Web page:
The future Majority Leader got his start running for student body president at Emmanuel high, when he had the ingenious idea of lining up endorsements from popular kids and publicizing them. McConnell kept up the student body campaigning and even led a civil rights march at the University of Louisville while he worked for aforementioned Republican congressman. He regrets Barry Goldwater's positions. (According to McConnell, he also stood up to Pres. Reagan on apartheid in his first Senate term.) He went to law school and got married, and then regretted the marriage and divorced (and that's all he has to say about that, as well as his children from that marriage who he apparently has good relations with). It is never clear in the book why McConnell is a Republican. His dad had liked Eisenhower, but it's not clear why McConnell disliked Kennedy.

Once a lawyer, McConnell realized he hated practicing law and would die if he had to do that every day, he missed politics and felt that was his calling. He got a job working in the Justice Department where the bureaucracy was like purgatory. He escaped and ran for Jefferson County Judge Executive, a powerful position over the state's largest county, beating incumbent Todd Hollenbeck (who would remain in state politics for years). He was re-elected in 1981 and mentions he went through his divorce. McConnell decided to run for US Senate on a platform of limited government, fiscal conservativism, etc.

In the midst of that 1984 campaign, when things weren't going well, McConnell has what appears to be his only spiritual moment in the book. On the edge of a nervous breakdown, living alone, he seemingly almost wants to surrender his life, will, and campaign to God. But in that moment he gets off his knees, somehow puts away his doubts, and resolves that the Senate is all he really wants. McConnell hired Roger Ailes to manage his media, and a new Republican marriage was made. Aile's famous ad from this race is the bloodhound ad, attacking his incumbent opponent's voting record. McConnell squeaked out 5,100 vote win. He benefited from large campaign backing, raising almost $3.2 million in today's dollars, which was unheard of back then. Not incidentally, keeping campaign finance reform laws off the books becomes the issue he delves most deeply into in his memoir.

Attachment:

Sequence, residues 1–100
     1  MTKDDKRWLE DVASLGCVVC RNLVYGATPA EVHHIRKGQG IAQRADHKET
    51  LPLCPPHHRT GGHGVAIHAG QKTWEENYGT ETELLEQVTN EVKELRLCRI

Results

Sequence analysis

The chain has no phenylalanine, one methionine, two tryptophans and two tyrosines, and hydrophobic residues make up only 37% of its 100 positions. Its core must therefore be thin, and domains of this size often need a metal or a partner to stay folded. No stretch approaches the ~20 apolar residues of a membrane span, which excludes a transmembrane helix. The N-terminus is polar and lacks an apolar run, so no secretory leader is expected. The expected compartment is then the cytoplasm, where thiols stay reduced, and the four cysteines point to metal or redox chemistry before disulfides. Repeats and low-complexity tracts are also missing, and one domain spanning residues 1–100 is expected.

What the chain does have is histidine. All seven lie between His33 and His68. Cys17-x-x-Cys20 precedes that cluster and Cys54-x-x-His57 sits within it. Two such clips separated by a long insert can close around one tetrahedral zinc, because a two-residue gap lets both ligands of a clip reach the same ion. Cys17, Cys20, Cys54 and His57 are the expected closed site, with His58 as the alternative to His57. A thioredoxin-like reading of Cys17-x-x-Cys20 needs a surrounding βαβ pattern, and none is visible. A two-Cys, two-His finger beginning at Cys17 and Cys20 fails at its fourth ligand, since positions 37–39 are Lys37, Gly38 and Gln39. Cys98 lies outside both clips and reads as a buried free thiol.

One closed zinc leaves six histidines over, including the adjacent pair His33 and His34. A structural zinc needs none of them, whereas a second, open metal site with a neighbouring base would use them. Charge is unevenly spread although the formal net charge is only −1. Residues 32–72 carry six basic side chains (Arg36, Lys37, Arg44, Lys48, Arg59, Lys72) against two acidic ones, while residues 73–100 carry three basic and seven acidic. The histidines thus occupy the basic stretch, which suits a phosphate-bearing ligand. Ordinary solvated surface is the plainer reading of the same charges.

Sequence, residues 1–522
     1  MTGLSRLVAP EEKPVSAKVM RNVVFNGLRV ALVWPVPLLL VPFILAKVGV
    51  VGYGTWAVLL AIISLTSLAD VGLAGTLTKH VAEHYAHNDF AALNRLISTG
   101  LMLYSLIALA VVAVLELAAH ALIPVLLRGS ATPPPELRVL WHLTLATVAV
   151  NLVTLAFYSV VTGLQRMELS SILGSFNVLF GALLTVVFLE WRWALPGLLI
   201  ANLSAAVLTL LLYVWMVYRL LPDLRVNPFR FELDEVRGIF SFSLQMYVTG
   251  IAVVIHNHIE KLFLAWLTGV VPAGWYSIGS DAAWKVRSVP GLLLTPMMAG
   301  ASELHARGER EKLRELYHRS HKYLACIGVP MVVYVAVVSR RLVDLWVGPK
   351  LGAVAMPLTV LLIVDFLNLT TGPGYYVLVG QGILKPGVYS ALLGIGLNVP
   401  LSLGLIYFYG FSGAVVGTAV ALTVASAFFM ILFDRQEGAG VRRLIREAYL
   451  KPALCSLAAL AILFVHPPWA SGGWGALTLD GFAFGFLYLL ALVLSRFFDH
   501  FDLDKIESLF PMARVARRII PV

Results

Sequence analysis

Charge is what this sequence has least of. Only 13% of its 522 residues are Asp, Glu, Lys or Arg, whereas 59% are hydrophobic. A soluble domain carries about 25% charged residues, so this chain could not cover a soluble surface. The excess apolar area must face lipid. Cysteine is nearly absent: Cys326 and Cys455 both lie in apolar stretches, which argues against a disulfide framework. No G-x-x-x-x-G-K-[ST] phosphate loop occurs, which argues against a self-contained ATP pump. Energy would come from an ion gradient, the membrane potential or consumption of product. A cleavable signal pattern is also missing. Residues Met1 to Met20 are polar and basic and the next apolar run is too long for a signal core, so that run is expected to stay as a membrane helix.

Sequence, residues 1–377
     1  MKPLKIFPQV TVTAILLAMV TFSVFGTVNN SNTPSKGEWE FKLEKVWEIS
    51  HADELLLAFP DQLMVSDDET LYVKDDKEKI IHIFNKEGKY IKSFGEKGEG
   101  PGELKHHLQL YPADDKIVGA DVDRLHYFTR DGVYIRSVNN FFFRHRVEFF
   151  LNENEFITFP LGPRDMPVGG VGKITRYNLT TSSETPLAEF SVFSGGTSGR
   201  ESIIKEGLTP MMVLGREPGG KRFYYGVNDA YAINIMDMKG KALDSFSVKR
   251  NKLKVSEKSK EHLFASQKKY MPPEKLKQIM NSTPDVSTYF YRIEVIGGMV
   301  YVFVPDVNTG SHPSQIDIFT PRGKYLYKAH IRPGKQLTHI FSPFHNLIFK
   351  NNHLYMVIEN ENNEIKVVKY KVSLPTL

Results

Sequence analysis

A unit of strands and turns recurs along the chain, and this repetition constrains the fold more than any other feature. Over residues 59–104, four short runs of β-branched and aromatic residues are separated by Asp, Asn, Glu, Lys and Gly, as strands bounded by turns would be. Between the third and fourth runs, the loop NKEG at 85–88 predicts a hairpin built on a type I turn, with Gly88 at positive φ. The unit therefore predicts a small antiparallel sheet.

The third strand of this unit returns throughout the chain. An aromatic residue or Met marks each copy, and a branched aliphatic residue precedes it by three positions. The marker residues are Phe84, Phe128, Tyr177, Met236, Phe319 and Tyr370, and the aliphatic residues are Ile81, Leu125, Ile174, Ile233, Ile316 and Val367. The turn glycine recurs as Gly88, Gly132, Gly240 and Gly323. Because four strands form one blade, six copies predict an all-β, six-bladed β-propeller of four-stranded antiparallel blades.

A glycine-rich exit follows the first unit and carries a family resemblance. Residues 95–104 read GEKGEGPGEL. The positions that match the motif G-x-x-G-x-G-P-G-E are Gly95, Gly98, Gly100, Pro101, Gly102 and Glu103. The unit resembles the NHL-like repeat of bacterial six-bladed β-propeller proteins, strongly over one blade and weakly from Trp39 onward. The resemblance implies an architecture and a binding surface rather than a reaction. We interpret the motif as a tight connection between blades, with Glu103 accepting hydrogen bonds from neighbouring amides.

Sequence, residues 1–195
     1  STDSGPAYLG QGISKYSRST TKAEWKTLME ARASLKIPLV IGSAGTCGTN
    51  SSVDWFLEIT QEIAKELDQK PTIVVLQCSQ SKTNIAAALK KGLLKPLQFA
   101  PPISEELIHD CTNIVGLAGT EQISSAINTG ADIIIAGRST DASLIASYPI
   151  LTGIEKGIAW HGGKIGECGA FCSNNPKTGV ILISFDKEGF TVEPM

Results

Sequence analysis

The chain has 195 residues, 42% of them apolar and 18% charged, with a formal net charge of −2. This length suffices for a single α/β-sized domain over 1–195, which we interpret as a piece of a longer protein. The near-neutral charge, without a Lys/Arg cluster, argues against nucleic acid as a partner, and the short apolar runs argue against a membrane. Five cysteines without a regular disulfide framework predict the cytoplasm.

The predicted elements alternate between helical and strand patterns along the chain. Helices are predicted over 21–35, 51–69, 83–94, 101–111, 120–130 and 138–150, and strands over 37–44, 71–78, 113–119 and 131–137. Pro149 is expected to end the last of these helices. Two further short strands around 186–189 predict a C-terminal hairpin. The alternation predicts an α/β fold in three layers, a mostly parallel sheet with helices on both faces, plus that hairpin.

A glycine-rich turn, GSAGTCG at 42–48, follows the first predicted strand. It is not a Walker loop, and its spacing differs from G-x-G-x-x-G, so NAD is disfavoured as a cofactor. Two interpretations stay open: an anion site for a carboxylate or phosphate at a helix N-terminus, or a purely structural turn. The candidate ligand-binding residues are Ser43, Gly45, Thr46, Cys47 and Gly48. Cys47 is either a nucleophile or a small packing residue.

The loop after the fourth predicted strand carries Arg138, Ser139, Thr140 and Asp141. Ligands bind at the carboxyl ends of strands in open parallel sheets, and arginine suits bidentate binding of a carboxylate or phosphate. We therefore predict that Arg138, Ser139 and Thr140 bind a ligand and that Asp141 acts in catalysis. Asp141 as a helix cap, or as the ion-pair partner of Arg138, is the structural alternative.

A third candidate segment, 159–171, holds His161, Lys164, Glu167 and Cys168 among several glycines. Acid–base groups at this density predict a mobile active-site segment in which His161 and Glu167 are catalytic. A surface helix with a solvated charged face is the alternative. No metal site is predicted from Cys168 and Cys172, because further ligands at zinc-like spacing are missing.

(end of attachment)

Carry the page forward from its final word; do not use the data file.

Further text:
McConnell's dad died as he won re-election but he would soon meet Elaine Chao and fall in love. He opened the McConnell Center at Louisville and attends as many football and basketball games as he can. As he advanced up the Senate leadership, he opposed campaign finance reform, refused to sign Gingrich's Contract with America (Mitch opposes term limits), and breaks with conservatives on flag burning because of the same Constitutional principles. He made the decision to expel Bob Packwood from the Senate. He liked managing the floor, whipping up votes, etc. Everything was another step closer to the Majority Leader position.

The Senator from Kentucky spends much of his criticisms on Democratic presidents Clinton and Obama. He rehashes the 1990s Clinton impeachment but perhaps considers the midnight pardon of Mark Rich to be the most egregious act-- "Even Jimmy Carter said it was disgraceful." Obama, meanwhile, is professorial who wastes time lecturing Republicans rather than getting to work or letting them do their jobs. Perhaps the greatest sign of respect he shows for Obama was when candidate Obama came to DC with John McCain in the campaign suspension in the midst of the financial crisis. Obama spoke for the Democrats at the meeting, clearly understood the issues, and clearly had the Democratic establishment deferring to him. That, Mitch says, is the when they knew what they were in for. Even where McConnell basically admits that the debt ceiling debacles were Republicans' fault, and blames his right-wing, it's still Obama's fault for scolding them or giving speeches when they needed to work out negotiations, etc. He tells the old saw that Boehner or McConnell could take phone calls from Obama, put the phone down, pick it up minutes later and the President would still be lecturing about the virtues of his position.